The policemen searched the car that one of them pulled for not violating a law, which led to the issuance of a warning ticket for a non-violation of a law, which was a part of an encounter that involved questioning the occupants of the car about their destination, which was part of an encounter that extended beyond the initial purpose of the stop (which should never have happened in the first place), which also included the appearance of another policeman, and which resulted in Mr. Heien giving “consent” to search his car. The cops found drugs in the car. The exclusionary rule would have suppressed this evidence if the stop were found to be unconstitutional, as the North Carolina Court of Appeals so found, but both the State and Federal Supreme Courts contorted themselves into not finding.
Let’s look at some of the language in this drivel of an opinion:
“Contrary to the suggestion of Heien and amici, our decision does not discourage officers from learning the law. The Fourth Amendment tolerates only reasonable mistakes, and those mistakes – whether of law or fact – must be objectively reasonable. We do not examine the subjective understanding of the particular officer involved. Cf. Whren v. United States (citation omitted). And the inquiry is not as forgiving as the one employed in the distinct context of deciding whether an officer is entitled to qualified immunity for a constitutional or statutory violation. Thus, an officer can gain no Fourth Amendment advantage through sloppy study of the laws he is duty-bound to uphold.”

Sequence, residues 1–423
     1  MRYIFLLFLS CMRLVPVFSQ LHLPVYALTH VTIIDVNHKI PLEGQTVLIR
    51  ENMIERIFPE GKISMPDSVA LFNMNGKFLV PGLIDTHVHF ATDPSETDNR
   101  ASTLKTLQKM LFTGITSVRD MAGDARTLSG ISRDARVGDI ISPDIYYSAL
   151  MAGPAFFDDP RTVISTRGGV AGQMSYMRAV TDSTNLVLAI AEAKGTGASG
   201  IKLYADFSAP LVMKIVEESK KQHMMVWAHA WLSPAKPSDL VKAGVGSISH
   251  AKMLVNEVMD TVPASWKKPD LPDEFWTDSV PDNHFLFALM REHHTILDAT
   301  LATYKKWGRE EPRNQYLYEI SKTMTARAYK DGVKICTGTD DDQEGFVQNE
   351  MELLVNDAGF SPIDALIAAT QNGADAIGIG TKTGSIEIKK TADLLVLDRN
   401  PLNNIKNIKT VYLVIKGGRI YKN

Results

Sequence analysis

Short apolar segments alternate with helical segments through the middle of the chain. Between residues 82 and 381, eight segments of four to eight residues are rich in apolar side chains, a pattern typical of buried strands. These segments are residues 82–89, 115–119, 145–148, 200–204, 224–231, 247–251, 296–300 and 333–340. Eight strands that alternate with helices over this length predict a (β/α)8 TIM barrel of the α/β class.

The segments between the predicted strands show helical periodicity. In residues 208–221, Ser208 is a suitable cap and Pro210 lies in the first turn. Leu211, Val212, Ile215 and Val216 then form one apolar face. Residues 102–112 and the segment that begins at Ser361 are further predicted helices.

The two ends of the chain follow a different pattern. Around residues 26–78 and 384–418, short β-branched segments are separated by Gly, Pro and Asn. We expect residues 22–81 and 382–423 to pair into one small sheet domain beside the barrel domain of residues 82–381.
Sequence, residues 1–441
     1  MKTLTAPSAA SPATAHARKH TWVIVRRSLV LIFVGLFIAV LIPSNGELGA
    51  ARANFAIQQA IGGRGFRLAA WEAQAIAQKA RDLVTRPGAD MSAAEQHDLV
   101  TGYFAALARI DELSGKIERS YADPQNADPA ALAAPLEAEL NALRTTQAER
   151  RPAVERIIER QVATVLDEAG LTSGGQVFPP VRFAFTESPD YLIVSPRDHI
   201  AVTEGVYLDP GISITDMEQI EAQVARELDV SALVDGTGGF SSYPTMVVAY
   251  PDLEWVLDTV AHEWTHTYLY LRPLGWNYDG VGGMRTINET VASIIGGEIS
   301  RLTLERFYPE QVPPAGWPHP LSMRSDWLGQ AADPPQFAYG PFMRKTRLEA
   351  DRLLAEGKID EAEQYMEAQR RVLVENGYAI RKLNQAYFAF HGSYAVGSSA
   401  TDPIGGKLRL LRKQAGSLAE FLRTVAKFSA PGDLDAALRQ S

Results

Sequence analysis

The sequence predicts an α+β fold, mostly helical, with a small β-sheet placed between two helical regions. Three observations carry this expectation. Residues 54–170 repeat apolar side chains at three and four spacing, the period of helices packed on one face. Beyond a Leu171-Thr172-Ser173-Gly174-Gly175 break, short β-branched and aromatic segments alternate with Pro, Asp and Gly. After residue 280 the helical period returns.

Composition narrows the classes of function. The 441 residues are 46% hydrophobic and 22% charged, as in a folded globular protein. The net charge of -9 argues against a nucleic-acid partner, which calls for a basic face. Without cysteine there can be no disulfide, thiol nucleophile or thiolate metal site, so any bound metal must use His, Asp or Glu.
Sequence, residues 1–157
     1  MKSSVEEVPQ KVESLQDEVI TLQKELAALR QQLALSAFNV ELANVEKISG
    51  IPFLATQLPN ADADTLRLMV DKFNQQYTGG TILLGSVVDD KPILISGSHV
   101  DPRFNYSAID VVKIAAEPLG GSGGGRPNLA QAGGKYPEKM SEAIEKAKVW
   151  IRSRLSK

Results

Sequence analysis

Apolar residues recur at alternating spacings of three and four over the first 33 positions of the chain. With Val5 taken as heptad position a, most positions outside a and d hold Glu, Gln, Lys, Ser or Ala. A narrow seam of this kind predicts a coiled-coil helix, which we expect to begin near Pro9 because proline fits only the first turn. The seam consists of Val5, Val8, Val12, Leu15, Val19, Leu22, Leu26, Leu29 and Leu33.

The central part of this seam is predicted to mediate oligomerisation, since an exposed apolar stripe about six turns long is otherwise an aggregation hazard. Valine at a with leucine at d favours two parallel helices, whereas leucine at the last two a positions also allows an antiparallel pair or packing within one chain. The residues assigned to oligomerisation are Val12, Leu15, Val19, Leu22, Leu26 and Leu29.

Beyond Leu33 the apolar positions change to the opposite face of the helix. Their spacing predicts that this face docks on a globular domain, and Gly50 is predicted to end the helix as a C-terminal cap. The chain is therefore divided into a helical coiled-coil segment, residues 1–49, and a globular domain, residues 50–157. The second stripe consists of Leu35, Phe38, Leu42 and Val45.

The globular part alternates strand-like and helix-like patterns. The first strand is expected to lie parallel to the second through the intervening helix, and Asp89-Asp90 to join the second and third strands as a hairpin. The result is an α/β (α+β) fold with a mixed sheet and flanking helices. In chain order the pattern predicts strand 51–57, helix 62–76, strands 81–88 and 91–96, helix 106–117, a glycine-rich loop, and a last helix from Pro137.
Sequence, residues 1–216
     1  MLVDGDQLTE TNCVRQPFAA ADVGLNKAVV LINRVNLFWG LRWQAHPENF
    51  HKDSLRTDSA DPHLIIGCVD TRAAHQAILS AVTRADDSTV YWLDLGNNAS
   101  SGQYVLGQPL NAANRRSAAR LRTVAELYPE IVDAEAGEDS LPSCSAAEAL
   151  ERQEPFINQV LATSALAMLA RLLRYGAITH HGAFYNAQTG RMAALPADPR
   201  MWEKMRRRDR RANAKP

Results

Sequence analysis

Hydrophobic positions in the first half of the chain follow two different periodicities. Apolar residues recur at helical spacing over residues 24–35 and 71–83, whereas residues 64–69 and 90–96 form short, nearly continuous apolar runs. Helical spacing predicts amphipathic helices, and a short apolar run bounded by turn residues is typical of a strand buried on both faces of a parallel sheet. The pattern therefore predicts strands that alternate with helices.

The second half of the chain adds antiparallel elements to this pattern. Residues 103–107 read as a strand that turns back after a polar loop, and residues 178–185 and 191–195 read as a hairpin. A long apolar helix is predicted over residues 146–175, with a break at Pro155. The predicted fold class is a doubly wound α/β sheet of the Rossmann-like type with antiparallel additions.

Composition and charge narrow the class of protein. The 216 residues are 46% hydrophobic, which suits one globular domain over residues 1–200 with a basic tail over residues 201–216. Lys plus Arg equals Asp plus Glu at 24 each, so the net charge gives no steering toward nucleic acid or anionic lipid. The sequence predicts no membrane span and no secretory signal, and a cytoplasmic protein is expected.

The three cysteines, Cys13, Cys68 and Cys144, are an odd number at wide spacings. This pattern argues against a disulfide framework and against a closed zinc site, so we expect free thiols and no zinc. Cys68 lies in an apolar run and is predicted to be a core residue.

Right. Because we all now how frequent and successful lawsuits brought against policemen are!